Directly calling threaded class instance methods and attributes

Matthew Bell lights at
Thu Oct 28 12:28:13 CEST 2004


I've got a question about whether there are any issues with directly 
calling attributes and/or methods of a threaded class instance.  I
wonder if someone could give me some advice on this.

Generally, the documentation suggests that queues or similar constructs 
should be used for thread inter-process comms.  I've had a lot of 
success in doing that (generally by passing in the queue during the 
__init__ of the thread) and I can see situations where it's pretty much 
the only way of doing it.  But, there are other situations - 
particularly where you've got a "main" thread that creates, and is the
sole communicator with, one or more "worker" threads - where keeping 
track of the different queues can get a bit unwieldy.  

So I thought about it some more, and came to the conclusion that - 
again, in some situations - it could be a lot cleaner if you could call 
methods and/or access attributes of a threaded class instance directly.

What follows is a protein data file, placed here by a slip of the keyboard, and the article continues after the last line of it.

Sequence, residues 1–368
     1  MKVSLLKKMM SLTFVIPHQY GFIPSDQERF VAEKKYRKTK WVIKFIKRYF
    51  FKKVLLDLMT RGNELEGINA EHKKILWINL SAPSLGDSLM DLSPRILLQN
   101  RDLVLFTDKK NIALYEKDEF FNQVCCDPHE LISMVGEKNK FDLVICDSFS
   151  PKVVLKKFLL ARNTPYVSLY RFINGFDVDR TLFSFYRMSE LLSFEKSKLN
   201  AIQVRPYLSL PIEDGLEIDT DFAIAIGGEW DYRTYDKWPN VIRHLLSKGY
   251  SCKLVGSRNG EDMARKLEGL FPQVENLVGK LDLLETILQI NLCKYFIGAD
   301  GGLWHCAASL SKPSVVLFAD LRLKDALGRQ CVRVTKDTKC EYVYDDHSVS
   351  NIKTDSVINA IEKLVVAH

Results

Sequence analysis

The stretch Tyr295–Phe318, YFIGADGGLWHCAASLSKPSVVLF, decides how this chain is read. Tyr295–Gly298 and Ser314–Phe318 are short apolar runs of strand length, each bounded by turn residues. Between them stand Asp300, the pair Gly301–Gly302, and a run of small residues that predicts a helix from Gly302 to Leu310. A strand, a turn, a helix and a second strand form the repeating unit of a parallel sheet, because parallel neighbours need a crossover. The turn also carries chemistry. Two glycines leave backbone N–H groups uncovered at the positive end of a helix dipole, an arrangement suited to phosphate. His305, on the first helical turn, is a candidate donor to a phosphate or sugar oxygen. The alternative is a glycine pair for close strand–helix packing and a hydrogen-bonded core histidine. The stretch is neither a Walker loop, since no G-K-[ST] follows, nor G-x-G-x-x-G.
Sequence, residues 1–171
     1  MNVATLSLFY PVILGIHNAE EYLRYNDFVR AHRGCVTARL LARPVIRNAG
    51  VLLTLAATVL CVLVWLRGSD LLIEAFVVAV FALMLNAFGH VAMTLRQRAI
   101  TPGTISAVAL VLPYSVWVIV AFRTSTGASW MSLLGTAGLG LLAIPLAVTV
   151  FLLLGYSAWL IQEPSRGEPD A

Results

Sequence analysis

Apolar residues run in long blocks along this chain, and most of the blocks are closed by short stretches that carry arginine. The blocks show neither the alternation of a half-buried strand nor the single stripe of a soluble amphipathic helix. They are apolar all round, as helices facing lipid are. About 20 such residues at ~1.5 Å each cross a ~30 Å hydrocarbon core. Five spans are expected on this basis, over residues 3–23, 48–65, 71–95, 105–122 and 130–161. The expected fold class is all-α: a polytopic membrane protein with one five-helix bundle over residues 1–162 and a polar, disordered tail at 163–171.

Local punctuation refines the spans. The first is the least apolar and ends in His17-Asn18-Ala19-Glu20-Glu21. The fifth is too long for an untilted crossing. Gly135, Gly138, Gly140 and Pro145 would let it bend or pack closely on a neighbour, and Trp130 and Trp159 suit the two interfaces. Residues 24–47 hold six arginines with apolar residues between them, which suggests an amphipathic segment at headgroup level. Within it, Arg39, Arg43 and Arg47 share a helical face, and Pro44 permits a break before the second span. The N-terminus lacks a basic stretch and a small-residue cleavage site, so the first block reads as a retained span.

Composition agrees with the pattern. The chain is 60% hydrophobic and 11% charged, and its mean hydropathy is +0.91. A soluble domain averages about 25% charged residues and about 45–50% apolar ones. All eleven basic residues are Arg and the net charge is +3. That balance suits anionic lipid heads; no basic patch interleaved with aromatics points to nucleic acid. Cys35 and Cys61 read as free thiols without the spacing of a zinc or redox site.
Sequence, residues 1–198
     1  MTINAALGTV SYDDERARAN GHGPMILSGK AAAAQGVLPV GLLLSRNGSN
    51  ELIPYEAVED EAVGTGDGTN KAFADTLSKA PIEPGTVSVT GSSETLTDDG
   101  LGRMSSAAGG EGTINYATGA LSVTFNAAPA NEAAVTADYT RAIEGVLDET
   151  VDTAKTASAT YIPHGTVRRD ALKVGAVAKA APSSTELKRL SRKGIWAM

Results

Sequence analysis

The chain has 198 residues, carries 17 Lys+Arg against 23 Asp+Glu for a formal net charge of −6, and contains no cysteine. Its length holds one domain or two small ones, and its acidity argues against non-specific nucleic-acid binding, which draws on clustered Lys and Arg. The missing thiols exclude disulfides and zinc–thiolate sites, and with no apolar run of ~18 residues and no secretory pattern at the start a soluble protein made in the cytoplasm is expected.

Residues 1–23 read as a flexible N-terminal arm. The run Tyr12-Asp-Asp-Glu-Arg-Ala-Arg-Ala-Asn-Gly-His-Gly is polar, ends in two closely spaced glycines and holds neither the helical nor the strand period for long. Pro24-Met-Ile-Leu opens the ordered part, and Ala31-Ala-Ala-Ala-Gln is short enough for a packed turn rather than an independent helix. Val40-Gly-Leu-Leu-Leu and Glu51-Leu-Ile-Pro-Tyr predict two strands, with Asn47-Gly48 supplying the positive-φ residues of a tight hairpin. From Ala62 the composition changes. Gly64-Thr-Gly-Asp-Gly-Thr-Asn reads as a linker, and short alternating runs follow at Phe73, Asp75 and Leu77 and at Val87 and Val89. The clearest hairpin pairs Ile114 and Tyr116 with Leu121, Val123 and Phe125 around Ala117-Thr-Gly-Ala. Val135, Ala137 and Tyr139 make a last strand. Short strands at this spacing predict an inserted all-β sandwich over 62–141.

Here's some example code to show what I'm talking about:

import threading
from time import sleep

class SimpleThread(threading.Thread):
    def __init__(self): = 0

    def add(self, number): += number

    def run(self):
            # In reality, there'd be much more here

adder = SimpleThread()
for i in range(20):

This example code works.  Well, it does for me, anyway :-)  

My question is simply, can anyone see any issues with calling methods
and/or attributes of a threaded class instance like this?  It looks ok
to me but, as the docs never seem to mention using threads like this,
I'm wondering if I've missed something important.  If it helps, I 
know the basic considerations of threading, such as locking, exception
handling and so on; I only really need advice on whether there could
be issues with directly calling class instance attributes of a 
running thread.

If anyone could let me know either "Yeah, that's fine" or "NO!!! That
can break <foo> / cause a deadlock in <bar> / etc!!!" I'd be much 


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